The silence is finally over. Last week at Intel’s Architecture Day the company finally disclosed some of the intimate details of their next-generation core microarchitecture.
This article is part of a series that details Intel’s Architecture Day.
1. Advanced 3D Packaging For More-than-Moore to Supplement 10- and 7-Nanometer Nodes
2. Intel Discloses 10nm Sunny Cove and Core Roadmap, Teases Ice Lake Chips
The day started off with Raja Koduri talking about the historical trends in single-thread performance and the importance of single-thread performance to the company. The majority of workloads and algorithms are still predominantly single-threaded. “Single-thread performance is still foundational for Intel moving forward,” Koduri said.
Ever since getting stuck on a never-ending Skylake-refresh loop, Intel published very few public roadmaps. Things have finally changed. At Architecture Day the company published not one, but two roadmaps – one for their high-performance big cores and one for their high-efficiency small cores.
Even for those who follow Intel closely, none of the Cove names should be familiar. Up until Skylake, Intel’s codename referred to both the core and the full chip. Starting with Cannon Lake, Intel decoupled the two – you have Cannon Lake, the full chip, and Palm Cove, the core itself. The reason for this is simple, the core is going into products other than just the one main chip design. There is now a need to be able to refer to two independently. For example, one of the products planned for next year is an ultra-low power 3D stacked processor. That chip features a heterogeneous core x86 architecture with one big Sunny Cove core and four small cores which we believe to be Tremont.
Three big core microarchitectures were announced – Sunny Cove (2019), Willow Cove (2020), and Golden Cove (2021). A few high-level details were given about each. It’s worth noting that, except for a single Cannon Lake chip, Intel is skipping over Cannon Lake. In fact, at Architecture Day there was no mention of it although they did acknowledge its existence when we asked. What will be shipping next year is Sunny Cove, their next-generation big core microarchitecture. Those will be found in the Ice Lake-based system. Sunny Cove brings improvements to single-thread performance, new ISA extensions, and “improved scalability”. Sunny Cove will be discussed in more detail later in this article.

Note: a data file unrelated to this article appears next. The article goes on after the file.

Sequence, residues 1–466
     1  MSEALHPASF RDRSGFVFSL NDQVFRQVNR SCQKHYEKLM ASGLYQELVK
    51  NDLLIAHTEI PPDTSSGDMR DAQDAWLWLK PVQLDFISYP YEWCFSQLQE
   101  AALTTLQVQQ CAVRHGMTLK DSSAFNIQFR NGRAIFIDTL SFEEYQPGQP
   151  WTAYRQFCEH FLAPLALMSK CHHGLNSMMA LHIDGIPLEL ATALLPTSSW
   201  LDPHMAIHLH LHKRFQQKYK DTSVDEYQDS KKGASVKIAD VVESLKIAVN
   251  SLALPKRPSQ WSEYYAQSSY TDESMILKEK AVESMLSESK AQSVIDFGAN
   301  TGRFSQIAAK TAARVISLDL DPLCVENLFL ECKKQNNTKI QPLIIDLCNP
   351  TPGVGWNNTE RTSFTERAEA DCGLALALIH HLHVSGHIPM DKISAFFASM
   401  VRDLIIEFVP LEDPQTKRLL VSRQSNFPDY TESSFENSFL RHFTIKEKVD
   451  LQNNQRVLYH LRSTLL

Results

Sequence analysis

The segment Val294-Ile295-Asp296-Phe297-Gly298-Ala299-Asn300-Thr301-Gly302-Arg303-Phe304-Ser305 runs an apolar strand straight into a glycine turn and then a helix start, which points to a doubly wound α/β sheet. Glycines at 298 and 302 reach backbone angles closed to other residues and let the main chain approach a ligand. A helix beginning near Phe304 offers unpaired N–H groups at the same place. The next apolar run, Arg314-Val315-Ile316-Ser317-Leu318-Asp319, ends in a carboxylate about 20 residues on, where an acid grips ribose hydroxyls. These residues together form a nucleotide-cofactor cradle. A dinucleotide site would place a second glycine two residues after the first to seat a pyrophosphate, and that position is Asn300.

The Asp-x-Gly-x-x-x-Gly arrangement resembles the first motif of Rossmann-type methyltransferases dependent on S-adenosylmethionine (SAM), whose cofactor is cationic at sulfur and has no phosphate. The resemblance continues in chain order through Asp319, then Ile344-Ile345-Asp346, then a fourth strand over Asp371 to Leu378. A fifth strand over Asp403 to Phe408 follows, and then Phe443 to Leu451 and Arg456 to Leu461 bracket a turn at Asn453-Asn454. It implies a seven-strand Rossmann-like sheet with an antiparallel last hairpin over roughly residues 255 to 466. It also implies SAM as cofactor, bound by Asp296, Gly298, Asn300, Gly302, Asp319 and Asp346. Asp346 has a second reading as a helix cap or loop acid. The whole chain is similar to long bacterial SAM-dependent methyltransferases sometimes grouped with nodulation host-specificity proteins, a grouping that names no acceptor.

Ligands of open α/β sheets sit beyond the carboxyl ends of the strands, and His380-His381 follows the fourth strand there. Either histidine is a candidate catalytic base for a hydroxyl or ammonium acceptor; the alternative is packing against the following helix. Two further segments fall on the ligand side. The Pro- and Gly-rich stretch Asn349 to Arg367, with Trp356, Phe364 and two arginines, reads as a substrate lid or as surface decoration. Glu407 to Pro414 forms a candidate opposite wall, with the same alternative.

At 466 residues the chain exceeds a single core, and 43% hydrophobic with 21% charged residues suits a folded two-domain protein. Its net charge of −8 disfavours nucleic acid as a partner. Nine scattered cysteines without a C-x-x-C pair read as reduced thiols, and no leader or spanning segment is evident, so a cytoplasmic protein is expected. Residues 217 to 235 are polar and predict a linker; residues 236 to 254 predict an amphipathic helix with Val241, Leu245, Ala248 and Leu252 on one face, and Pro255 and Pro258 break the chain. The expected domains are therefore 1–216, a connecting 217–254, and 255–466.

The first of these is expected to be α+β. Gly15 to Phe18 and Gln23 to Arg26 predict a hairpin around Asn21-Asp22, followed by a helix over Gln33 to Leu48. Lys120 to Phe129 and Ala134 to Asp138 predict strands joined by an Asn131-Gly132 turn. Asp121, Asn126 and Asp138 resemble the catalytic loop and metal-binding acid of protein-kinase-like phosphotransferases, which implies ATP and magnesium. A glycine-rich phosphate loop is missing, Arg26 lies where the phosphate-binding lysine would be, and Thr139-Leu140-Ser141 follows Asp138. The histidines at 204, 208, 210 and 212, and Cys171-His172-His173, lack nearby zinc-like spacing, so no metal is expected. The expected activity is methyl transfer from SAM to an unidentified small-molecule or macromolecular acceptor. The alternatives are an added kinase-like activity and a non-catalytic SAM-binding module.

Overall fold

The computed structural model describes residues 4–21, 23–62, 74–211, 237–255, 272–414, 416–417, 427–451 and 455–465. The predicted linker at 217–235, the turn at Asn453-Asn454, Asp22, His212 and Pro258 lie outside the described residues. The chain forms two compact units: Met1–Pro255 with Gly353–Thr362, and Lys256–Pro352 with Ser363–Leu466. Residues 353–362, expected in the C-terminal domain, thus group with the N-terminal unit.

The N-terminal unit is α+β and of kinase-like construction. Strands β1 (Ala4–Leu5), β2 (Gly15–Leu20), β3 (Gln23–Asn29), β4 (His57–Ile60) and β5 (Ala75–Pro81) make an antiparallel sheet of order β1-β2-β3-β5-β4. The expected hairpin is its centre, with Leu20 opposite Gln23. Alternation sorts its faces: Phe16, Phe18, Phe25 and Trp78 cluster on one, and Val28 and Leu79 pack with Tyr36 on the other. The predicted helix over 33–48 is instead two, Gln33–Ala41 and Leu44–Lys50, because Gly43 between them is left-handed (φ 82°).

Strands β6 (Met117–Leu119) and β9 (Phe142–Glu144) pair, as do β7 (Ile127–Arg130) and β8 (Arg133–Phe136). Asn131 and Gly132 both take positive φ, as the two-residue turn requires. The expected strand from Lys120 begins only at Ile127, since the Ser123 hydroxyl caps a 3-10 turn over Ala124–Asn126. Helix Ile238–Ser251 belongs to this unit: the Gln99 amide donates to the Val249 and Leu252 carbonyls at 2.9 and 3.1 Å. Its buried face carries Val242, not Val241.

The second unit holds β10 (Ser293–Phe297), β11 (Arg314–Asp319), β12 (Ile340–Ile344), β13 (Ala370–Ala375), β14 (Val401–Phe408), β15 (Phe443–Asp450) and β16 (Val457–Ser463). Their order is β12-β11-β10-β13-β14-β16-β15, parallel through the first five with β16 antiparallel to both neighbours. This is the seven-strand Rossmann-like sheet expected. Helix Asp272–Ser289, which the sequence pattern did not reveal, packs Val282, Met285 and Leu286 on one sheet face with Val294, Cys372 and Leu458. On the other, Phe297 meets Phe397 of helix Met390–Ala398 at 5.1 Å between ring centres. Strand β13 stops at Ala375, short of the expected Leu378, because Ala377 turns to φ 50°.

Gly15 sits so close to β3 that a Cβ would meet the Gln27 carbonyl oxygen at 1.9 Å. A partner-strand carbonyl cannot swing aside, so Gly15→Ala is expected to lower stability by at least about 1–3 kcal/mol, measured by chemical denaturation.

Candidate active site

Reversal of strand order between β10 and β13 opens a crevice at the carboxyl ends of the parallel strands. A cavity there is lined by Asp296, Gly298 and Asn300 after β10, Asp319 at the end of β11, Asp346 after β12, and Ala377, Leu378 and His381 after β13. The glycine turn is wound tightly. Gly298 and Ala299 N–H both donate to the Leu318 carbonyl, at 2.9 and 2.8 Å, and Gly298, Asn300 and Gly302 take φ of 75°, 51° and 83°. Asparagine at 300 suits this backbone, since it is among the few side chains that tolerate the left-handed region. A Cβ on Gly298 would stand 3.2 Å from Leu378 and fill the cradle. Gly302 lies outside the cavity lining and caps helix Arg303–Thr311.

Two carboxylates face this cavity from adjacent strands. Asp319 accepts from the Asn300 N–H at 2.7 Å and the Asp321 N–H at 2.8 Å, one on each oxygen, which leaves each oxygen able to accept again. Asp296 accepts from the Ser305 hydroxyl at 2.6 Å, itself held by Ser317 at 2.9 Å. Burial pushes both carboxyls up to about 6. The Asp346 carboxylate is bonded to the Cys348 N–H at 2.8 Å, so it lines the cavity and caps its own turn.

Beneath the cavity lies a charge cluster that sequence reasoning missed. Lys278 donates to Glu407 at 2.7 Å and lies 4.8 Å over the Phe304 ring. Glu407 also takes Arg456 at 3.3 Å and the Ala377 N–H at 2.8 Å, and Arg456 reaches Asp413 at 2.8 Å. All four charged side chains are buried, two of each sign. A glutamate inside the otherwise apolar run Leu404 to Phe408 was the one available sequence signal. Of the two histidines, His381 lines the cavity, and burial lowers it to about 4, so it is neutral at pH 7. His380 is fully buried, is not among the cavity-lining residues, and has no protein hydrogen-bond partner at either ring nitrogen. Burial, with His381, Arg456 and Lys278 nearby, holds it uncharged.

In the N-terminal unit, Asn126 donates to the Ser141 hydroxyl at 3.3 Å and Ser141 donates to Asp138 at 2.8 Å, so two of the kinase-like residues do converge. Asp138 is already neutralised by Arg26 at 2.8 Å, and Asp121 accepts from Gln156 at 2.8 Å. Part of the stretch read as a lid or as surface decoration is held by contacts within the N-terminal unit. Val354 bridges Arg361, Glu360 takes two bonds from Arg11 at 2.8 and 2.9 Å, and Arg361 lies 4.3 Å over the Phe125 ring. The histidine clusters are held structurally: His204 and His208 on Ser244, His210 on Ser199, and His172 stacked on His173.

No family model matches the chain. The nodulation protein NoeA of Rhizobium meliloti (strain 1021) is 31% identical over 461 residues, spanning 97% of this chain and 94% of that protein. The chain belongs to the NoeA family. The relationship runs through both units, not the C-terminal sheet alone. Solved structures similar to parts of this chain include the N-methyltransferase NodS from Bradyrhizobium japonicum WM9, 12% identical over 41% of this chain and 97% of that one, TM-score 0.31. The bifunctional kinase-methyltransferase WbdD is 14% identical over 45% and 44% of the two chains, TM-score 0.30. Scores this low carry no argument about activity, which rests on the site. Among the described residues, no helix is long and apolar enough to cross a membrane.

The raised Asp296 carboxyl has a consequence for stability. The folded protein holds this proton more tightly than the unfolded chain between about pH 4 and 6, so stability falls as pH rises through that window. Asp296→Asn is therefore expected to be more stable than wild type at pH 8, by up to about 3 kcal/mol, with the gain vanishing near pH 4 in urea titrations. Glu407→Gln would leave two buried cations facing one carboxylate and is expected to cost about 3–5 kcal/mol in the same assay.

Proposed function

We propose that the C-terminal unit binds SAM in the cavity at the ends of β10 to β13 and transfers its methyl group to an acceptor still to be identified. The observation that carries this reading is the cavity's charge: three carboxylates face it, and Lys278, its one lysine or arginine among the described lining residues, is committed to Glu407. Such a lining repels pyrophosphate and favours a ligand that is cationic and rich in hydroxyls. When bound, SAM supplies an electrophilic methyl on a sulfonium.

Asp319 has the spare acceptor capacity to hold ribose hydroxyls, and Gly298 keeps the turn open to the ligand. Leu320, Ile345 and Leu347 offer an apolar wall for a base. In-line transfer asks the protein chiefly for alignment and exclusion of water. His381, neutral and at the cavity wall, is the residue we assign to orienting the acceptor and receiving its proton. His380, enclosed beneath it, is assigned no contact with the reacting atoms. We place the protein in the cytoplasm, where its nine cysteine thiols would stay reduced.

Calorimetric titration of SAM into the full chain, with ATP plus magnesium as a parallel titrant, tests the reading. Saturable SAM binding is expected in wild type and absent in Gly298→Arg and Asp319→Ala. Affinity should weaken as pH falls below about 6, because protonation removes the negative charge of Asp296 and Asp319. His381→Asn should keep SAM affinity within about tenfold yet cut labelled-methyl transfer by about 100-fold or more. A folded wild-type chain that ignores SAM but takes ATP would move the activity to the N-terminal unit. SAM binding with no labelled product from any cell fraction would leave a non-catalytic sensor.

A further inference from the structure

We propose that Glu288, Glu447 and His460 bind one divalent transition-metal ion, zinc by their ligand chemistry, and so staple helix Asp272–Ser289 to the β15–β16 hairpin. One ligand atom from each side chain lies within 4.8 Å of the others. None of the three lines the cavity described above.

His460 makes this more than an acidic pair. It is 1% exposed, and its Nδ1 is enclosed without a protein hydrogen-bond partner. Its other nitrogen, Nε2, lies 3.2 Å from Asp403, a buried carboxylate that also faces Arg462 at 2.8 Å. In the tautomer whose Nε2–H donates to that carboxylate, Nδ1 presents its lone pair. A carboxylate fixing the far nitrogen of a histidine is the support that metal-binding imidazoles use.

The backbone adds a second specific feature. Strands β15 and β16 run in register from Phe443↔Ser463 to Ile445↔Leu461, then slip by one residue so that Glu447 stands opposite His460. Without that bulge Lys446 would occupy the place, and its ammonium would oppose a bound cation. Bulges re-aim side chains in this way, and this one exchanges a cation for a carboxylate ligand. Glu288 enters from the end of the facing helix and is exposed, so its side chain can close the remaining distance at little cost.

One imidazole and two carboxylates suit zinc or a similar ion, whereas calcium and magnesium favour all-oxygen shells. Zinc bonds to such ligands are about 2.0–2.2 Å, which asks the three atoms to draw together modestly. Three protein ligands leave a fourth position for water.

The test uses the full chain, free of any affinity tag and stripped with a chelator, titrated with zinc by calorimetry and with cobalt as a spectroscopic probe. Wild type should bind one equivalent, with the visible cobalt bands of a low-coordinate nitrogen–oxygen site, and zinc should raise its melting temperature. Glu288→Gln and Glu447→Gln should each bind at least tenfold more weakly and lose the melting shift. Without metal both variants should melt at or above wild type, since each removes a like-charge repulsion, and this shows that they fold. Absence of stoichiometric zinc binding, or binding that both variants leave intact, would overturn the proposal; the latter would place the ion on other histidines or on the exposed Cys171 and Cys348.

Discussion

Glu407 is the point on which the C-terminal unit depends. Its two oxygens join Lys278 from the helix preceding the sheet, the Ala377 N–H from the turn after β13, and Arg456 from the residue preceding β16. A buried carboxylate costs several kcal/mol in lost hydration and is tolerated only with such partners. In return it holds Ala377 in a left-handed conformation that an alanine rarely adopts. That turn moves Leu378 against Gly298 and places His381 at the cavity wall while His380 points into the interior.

Willow Cove will succeed Sunny Cove around the 2020 timeframe. Willow Cove is planned to take advantage of new transistor optimizations, have a redesigned cache subsystem, and introduce new security features. Succeeding Willow Cove is Golden Cove around 2021. Golden Cove will bring single-thread performance, AI performance, “network/5G performance”, and more security features. Intel will release more details as we get closer to launch time but for now, your guess is as good as ours as far as what some of those changes mean.
|Big Core Microarchitectures
|ST performance, new ISA, scalability improved
|Cache redesign, new transistor optimization, security features
|ST performance, AI performance, network/5G performance, security features
Intel’s high-efficiency small cores follow a slower release cadence. Intel is releasing a new small core roughly every two big core releases. Next year, Intel will be releasing Tremont, their first 10-nanometer small core. Tremont will bring single-thread performance improvement along with “network server performance” and “battery life performance”.
The follow-on to Tremont is Gracemont which will be released around the 2021 timeframe. Gracemont will also bring single-thread performance improvement along with vector performance. The “vector performance” is particularly interesting because it hints that the Atom core will be receiving AVX support. The successor to Gracemont will come around 2022/23. Intel didn’t disclose its name or any of the major enhancement it might have. It’s clearly in early design stages. The consistent theme across all the small cores is that the single-thread performance will continue to improve. Raja Koduri stated that Jim Keller has been driving an aggressive roadmap for the small cores which has much more room to grow in performance.